In May this year, the Indigenous Academic Support Unit organised an event to commemorate the National Day of Healing. The event, entitled ‘Aunties Talking’ featured Aunty Maria Tomlins and Aunty Florence Nicolls talking about their experiences growing up at the Garden Point and Croker Island missions respectively.
The initial event was attended by students, staff, and community and proved very popular. It was decided to run the event again in the lead-up to the Vincent Lingiari Memorial lecture and as such, the event was held again on Tuesday, 7 August.
Speaking to an audience of about 30 staff, students and community members, Aunty Maria Tomlins and Aunty Florence Nicholls recalled some of their childhood experiences at the missions, their evacuation to the eastern seaboard during wartime and how these events impacted upon their lives.
The Aunties gave emotional and heart rending accounts of their experiences as survivors of the Stolen Generation and told their stories with humour, grace and spirit. Telling their stories again was difficult, but they both believe that their stories should be told so that people have an understanding of what happened in the past.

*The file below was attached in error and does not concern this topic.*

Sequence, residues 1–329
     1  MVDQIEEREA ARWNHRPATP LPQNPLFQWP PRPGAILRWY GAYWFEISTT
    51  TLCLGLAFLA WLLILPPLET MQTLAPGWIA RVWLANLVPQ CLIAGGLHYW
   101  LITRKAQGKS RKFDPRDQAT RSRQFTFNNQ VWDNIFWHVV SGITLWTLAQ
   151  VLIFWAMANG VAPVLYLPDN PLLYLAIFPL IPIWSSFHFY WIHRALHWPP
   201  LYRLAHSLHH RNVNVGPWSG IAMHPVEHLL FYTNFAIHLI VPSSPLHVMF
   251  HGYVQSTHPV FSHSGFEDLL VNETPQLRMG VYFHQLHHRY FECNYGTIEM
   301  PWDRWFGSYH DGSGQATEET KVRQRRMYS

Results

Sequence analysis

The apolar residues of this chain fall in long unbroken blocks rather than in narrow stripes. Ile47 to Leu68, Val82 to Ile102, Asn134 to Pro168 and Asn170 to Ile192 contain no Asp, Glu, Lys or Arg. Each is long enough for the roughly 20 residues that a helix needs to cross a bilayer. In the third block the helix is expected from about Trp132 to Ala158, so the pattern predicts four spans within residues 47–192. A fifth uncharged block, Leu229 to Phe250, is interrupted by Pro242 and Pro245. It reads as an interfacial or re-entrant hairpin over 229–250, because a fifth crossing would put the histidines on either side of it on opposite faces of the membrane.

Aunty Maria believes that the youth of today are still affected by past events. She was however, delighted to meet up with two ‘Garden Point’ grandchildren who are doing extremely well in their education and career goals, including Simone Liddy, a current Charles Darwin University third year pharmacy student and Etta Avlonitis, a current apprentice at CDU.
Both Simone and Etta had grandmothers who grew up at Garden Point Mission, and they listened avidly to the Aunties’ stories.